5.3. Lyme Regis is visually constrained within the valley to the east of the site, with no properties to the west of Shire Lane. This ensures there is no sense of the town when approaching from the west.
5.4. The proposal will have a serious detrimental impact on the landscape and scenic beauty of the eastern end of the AONB and the important western gateway to Lyme Regis.
5.4.1. Its urban form is fundamentally out of character with both the AONB to the west and the character of housing approaching the site from within the Lyme Regis built boundary to the east.
5.5. A Visual Impact assessment should take into account seasonal variation, characteristic of broadleaf woodland and hedging indigenous to the area.
5.5.1. The application is considered to have high impact even at the time of consideration in June, when the maximum screening is secured by trees and hedges.
5.5.2. Site development could be expected to have even higher impact between October and March, when trees and hedges lack leaves.
5.6. The proposed scheme is not in the national interest, nor does it conserve or enhance the natural beauty of the AONB. It is also detrimental to the approach to Lyme Regis. The scheme cannot demonstrate ‘exceptional circumstances’ or ‘public interest’ and as such is contrary to para 116 of the NPPF, policy EN1 of the adopted East Devon Local Plan, Strategy 46 of the emerging East Devon Local Plan, (and Policies ENV1 and ENV10 of the emerging West Dorset., Weymouth and Portland Local Plan).
5.7. The impact of the proposal, recognition of the tourist economy fundamental to Lyme Regis, itself based on the Jurassic Coast World Heritage Site, might be considered as detrimental to the attractiveness of Lyme Regis to tourists.
6. Development outside the built area boundary
6.1. The proposal represent development outside the Built-Up Area Boundary of both Uplyme and Lyme Regis and is therefore contrary to Strategies 6&7 of the emerging East Devon Local Plan (and policy SS3 of the adopted West Dorset Local Plan).
7. Sustainability of the location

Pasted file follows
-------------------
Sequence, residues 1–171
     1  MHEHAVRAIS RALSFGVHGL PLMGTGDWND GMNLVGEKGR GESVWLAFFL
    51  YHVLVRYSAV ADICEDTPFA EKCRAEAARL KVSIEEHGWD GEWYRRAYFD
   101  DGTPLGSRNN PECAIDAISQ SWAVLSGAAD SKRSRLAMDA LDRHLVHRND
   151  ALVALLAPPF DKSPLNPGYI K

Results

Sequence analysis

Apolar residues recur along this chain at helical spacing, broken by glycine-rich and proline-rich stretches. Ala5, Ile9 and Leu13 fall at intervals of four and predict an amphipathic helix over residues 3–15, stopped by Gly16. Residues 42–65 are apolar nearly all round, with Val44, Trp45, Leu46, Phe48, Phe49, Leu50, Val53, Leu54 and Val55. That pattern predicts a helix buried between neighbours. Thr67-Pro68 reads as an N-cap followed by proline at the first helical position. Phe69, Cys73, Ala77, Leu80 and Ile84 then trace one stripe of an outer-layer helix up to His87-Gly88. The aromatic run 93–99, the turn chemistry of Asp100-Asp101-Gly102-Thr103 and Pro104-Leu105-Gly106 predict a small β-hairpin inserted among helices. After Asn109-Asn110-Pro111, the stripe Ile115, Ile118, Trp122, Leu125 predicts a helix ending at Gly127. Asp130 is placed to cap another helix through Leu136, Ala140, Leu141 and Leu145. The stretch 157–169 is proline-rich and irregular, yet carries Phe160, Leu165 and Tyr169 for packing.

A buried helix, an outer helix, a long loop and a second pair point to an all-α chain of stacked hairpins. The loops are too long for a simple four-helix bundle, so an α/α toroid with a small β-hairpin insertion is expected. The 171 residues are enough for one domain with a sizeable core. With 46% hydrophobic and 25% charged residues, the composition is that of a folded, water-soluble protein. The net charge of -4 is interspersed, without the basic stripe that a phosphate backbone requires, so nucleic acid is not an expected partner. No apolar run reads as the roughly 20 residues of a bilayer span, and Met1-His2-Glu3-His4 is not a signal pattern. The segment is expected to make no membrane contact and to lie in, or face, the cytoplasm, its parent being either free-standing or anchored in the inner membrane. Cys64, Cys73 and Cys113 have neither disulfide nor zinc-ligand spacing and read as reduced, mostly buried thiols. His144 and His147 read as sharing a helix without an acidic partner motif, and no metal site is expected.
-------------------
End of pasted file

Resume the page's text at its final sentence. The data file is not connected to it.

7.1. The NPPF (National Planning Policy Framework), defines the fundamental Government view of ‘Sustainable Development’ and recognises three dimensions; Environmental, Economic and Social.
7.2.1. Previous sections on ‘Major development in the AONB’ and ‘Visual Impact on the AONB landscape’ confirm the location as not sustainable from an environmental perspective.
7.3.1. An economic benefit would normally be expected to accrue to an area during a construction phase. Due to the unsustainable disconnected location of this particular proposal, any economic benefit for Lyme Regis and Uplyme would be compromised, due to the inability of site workers to access facilities, other than by additional private car/van journey.
7.3.2. A further economic benefit would be envisaged post construction from new residents, but again it is reasonable to expect this to fall well short of what might normally be expected, due to the need to journey by private car.
7.3.3. In 2011 20% of the total Lyme Regis housing stock was identified as ‘second homes’, which remain empty for much of the year and contribute little to housing stock or the local economy outside the main season.
7.3.4. Four miles to the west, The Rousdon Estate has 104 houses. Currently only 45 are owner occupied with 11 long term rentals. This leaves 46% holiday lets and second homes.